Autism Occurrence by MMR Vaccine Status Among US Children With Older Siblings With and Without Autism
Anjali Jain, MD1; Jaclyn Marshall, MS1; Ami Buikema, MPH2; Tim Bancroft, PhD2; Jonathan P. Kelly, MPP1; Craig J. Newschaffer, PhD3
Importance: Despite research showing no link between the measles-mumps-rubella (MMR) vaccine and autism spectrum disorders (ASD), beliefs that the vaccine causes autism persist, leading to lower vaccination levels. Parents who already have a child with ASD may be especially wary of vaccinations.
Objective: To report ASD occurrence by MMR vaccine status in a large sample of US children who have older siblings with and without ASD.
Design, Setting, and Participants: A retrospective cohort study using an administrative claims database associated with a large commercial health plan. Participants included children continuously enrolled in the health plan from birth to at least 5 years of age during 2001-2012 who also had an older sibling continuously enrolled for at least 6 months between 1997 and 2012.
Exposures: MMR vaccine receipt (0, 1, 2 doses) between birth and 5 years of age.
Main Outcomes and Measures: ASD status defined as 2 claims with a diagnosis code in any position for autistic disorder or other specified pervasive developmental disorder (PDD) including Asperger syndrome, or unspecified PDD (International Classification of Diseases, Ninth Revision, Clinical Modification 299.0x, 299.8x, 299.9x).
Results: Of 95 727 children with older siblings, 994 (1.04%) were diagnosed with ASD and 1929 (2.01%) had an older sibling with ASD. Of those with older siblings with ASD, 134 (6.9%) had ASD, vs 860 (0.9%) children with unaffected siblings (P < .001). MMR vaccination rates (≥1 dose) were 84% (n = 78 564) at age 2 years and 92% (n = 86 063) at age 5 years for children with unaffected older siblings, vs 73% (n = 1409) at age 2 years and 86% (n = 1660) at age 5 years for children with affected siblings. MMR vaccine receipt was not associated with an increased risk of ASD at any age. For children with older siblings with ASD, at age 2, the adjusted relative risk (RR) of ASD for 1 dose of MMR vaccine vs no vaccine was 0.76 (95% CI, 0.49-1.18; P = .22), and at age 5, the RR of ASD for 2 doses compared with no vaccine was 0.56 (95% CI, 0.31-1.01; P = .052). For children whose older siblings did not have ASD, at age 2, the adjusted RR of ASD for 1 dose was 0.91 (95% CI, 0.67-1.20; P = .50) and at age 5, the RR of ASD for 2 doses was 1.12 (95% CI, 0.78-1.59; P = .55).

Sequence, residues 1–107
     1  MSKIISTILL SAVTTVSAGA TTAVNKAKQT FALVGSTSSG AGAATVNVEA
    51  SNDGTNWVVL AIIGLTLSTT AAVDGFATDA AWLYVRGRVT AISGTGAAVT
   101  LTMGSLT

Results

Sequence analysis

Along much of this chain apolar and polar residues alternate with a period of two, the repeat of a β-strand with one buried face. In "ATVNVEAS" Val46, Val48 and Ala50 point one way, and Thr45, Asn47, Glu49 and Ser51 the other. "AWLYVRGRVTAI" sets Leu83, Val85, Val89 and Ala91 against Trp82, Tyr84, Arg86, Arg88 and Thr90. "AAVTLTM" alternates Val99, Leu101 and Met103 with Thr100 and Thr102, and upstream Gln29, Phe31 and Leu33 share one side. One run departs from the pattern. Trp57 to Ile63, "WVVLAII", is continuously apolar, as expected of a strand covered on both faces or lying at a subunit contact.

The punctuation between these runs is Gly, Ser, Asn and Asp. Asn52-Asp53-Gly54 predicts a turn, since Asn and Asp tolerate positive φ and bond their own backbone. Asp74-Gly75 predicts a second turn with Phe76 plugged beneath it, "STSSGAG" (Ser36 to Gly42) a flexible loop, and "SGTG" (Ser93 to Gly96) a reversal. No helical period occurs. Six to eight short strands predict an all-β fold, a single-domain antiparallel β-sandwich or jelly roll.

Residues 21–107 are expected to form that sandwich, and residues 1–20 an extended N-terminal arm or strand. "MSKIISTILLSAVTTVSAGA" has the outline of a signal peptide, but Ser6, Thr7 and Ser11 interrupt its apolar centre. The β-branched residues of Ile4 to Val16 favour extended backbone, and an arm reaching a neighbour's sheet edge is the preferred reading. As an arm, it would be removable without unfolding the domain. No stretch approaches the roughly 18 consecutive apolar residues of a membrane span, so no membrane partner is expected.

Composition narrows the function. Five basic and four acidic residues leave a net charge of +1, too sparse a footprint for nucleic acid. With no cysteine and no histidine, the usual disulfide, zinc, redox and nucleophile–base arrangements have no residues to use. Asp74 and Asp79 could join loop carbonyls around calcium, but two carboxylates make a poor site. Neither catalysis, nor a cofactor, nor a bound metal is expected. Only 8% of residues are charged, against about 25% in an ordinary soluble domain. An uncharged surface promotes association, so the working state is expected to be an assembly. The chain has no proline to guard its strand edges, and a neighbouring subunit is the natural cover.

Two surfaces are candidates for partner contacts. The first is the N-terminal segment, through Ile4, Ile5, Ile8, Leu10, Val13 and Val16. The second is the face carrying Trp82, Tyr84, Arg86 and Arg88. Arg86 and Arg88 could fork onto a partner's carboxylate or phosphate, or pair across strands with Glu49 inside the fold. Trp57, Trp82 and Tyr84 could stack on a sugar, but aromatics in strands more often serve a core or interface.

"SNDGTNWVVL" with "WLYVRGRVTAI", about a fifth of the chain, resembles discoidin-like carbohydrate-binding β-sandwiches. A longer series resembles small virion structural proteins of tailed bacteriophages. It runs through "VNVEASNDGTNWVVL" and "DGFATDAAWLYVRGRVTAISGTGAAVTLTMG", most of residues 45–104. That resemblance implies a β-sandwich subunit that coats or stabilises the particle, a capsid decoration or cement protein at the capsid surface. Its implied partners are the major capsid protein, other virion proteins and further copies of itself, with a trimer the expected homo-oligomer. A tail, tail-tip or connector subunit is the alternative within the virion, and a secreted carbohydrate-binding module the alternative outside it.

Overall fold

Conclusions and Relevance: In this large sample of privately insured children with older siblings, receipt of the MMR vaccine was not associated with increased risk of ASD, regardless of whether older siblings had ASD. These findings indicate no harmful association between MMR vaccine receipt and ASD even among children already at higher risk for ASD.
I think two main problems with this data set is that the African American population is significantly under represented (Around 3% of the population studied) and also half of the population are girls. So, if the CDC whistleblower Bill Thompson data did indeed show higher statistical risk for African American boys (or not), that would be easily lost here - that study did not show any higher relative risk for white population either.
Another interesting thing disclosed in this study was for 3% the vaccine receipt was contraindicated. No idea what means or how did they figured that out. But is they mean adverse effect or elevated risk of autism, then that more details should be disclosed on this subset. Was this 3% African Americans by any chance? (Race was one of the covariate).